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News : US Economy Last Updated: Aug 29, 2011 - 6:37 AM

US economy is becoming more vulnerable to hurricanes
By Michael Hennigan, Founder and Editor of Finfacts
Aug 29, 2011 - 4:29 AM

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Hurricane Irene turned out to be less of a force on the US East Coast over the weekend than expected, leaving about 20 people dead. However, research suggests that the US economy is becoming more vulnerable to hurricanes. 

The hurricane, which had a wingspan from its centre of 500 miles wide, was downgraded by The National Hurricane Center to a tropical storm overnight Saturday and Irene's winds had dropped to 65 mph by 9am Eastern Standard Time (EST), Sunday morning. At 11 pm EST Sunday, the winds had fallen to 50 mph near the US-Canadian border.

The Wall Street Journal reports that society has become better at coping with floods, fires and other disasters, yet the damage from hurricanes is generally worse now than in previous generations, according to an oft-cited 2005 paper that has been updated with new data on the economic effects of hurricanes by William Nordhaus, a Yale economics professor.

“We appear to have become more vulnerable to hurricanes, all other things being equal,” said Prof. Nordhaus in an interview.

Nordhaus’s paper uses data from 233 hurricanes that have made landfall in the US from 1900 to 2008 and creates gauges for measuring how economic losses increase in proportion to the intensity of a given storm. One surprising finding was that hurricane damage grows substantially with even modest increases in wind-speed beyond hurricane velocity (above 74 mph).

The Journal says, for example, according to Nordhaus’s calculations, a hurricane with sustained winds of 108 mph would do roughly twice the damage as a hurricane with sustained winds of 100 mph. This finding had been originally doubted when Nordhaus published his paper, as other work on hurricanes had assumed that higher winds increased damages by a much smaller factor. “There is a tremendous amplifier effect in these kinds of storms,” he said.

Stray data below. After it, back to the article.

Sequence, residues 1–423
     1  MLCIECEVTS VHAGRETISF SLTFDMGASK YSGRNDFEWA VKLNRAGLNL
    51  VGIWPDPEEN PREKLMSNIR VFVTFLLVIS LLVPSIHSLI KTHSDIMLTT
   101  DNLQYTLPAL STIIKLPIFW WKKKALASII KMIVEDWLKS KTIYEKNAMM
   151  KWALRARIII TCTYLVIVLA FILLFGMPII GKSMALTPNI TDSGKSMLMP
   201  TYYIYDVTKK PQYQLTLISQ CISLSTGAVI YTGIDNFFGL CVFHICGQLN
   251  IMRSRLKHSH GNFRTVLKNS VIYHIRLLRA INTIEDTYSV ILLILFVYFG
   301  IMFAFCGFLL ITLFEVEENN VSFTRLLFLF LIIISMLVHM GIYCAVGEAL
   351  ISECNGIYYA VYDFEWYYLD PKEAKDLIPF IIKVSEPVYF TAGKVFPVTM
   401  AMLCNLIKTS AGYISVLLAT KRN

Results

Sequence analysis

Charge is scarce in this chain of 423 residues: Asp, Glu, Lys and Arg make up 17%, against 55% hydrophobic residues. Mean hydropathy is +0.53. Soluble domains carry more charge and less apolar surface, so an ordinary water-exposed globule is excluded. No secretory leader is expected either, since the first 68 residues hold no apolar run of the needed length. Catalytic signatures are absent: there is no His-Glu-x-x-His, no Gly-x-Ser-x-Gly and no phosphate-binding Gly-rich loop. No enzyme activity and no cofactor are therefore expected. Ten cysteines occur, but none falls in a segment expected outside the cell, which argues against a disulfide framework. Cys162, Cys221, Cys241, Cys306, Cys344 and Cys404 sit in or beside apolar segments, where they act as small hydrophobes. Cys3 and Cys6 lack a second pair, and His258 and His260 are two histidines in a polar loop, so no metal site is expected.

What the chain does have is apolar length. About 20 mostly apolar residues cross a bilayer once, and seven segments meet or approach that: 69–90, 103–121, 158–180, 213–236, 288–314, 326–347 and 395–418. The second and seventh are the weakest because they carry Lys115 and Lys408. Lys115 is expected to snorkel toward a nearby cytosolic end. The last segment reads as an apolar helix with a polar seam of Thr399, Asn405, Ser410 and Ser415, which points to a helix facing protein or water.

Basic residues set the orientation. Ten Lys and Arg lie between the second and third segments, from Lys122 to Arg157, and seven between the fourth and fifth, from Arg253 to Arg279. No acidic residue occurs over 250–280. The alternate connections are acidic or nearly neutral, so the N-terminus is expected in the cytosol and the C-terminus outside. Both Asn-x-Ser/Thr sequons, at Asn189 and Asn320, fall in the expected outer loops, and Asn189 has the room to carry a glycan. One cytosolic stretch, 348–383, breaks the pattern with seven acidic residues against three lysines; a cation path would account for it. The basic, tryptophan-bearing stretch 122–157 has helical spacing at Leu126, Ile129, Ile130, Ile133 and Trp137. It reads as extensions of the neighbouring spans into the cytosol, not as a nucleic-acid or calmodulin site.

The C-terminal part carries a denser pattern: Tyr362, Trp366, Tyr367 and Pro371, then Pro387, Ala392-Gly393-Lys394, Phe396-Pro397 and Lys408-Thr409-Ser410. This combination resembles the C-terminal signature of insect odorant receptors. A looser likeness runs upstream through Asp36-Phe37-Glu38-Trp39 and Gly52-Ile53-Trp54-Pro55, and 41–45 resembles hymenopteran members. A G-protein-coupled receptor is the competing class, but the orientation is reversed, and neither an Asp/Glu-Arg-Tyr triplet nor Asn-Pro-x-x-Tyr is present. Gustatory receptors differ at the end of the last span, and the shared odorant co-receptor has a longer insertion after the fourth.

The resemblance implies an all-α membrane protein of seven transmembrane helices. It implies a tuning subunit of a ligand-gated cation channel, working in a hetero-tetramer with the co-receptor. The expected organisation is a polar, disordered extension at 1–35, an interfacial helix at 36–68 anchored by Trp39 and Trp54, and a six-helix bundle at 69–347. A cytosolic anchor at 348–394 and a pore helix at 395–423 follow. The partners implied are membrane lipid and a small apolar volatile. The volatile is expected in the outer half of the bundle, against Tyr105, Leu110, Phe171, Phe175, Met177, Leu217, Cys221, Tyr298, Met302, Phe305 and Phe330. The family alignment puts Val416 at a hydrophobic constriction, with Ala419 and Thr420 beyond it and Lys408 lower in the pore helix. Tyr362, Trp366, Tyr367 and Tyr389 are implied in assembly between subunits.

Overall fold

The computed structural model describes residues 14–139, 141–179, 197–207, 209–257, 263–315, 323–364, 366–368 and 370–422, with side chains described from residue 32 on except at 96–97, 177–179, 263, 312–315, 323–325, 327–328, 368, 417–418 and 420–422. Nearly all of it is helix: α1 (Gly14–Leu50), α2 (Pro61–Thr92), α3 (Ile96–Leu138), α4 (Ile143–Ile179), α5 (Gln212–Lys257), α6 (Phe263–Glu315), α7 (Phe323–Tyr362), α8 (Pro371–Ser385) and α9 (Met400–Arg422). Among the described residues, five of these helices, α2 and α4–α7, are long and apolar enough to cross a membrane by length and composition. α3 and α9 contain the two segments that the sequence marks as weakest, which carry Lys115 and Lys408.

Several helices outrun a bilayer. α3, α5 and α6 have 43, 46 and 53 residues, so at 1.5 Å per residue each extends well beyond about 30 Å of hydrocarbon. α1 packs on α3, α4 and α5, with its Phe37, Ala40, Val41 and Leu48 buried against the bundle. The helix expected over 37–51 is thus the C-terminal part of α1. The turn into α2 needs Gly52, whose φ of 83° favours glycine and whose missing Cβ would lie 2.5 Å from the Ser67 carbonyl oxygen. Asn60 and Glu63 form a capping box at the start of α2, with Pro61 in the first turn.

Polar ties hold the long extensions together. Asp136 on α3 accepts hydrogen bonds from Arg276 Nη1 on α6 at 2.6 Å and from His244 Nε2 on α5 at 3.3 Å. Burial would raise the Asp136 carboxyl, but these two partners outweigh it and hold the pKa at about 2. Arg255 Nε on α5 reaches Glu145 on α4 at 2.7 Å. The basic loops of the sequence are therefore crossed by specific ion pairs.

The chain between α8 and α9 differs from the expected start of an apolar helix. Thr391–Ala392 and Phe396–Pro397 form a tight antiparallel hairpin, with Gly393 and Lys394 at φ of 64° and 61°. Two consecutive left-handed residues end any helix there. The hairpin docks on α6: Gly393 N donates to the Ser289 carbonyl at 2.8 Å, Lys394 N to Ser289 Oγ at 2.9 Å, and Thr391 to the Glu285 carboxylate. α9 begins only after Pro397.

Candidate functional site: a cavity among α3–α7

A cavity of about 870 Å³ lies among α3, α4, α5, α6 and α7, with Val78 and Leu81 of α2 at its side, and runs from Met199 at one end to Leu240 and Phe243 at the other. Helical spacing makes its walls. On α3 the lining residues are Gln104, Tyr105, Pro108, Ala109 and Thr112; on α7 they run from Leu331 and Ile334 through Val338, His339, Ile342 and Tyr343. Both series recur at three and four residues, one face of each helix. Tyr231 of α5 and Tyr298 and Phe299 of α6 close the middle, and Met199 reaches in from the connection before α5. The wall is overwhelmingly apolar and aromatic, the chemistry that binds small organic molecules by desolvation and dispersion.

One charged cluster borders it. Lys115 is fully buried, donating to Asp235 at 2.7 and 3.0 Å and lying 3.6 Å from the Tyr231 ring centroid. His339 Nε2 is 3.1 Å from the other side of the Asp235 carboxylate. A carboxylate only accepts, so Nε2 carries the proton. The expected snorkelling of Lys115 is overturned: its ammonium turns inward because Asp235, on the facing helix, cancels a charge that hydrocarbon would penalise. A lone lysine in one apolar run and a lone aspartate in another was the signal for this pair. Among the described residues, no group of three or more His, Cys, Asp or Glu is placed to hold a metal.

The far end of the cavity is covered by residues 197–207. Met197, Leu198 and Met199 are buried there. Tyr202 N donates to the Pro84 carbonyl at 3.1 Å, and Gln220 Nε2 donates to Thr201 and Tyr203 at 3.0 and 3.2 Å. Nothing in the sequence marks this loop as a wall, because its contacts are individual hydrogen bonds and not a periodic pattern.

The major conclusions from Nordhaus’s paper are: First, there are substantial vulnerabilities to intense hurricanes in the Atlantic coastal United States. Damages appear to rise with the ninth power of maximum wind speed. Second, greenhouse warming is likely to lead to stronger hurricanes, but the evidence on hurricane frequency is unclear.

Prof. Peter Morici of the University of Maryland, commented on Sunday: "Although, initially a Category 1 hurricane and now only a tropical storm, Irene is testing flood-level records in New York City and in much of the Northeast, raising casualty loss estimates to $20bn. Two days of lost economic activity, over a period of a week, is almost certain, and adds another $20bn. Longer term, rebuilding and postponed business activity will make up much of the near term impact on the economy.

Revised estimates of the direct damage caused by Hurricane Irene are in the range of $20bn. Add to those the loss of about two days economic activity, spread over a week, across 25 percent of the economy, and an estimated of the losses imposed by Irene is about $40 to 45bn.
However, rebuilding after Irene, especially in an economy with high unemployment and underused resources in the construction and building materials industries, will unleash at least $20bn in new direct private spending-likely more as many folks rebuild larger than before, and the capital stock that emerges will prove more economically useful and productive.
Regarding the latter, consider a restaurant with inadequate patronage-its owner invests the insurance settlement in a new more attractive business. On the shore, older smaller homes on large plots are replaced by larger dwellings that can accommodate more families during the summer tourist season. The outer banks of North Carolina saw such gains several decades ago after rebuilding from a storm of similar scale.
All of this is not to discount the direct costs to individuals by temporary and in some cases permanent displacements; however, when government authorities facilitate rebuilding quickly and effectively, the process of economic renewal can leave communities better off than before.
Factoring in the multiplier effect of $20bn spent rebuilding yields an economic benefit from reconstruction of about $36bn. Add to that the gains from more a more modern and productive capital stock-likely in the range of $10bn-and consumer and business spending that is only delayed but not permanently lost-likely in the range of $10 to $12bn-and the total effects of natural disasters of the scale of Irene are not large two years down the road."

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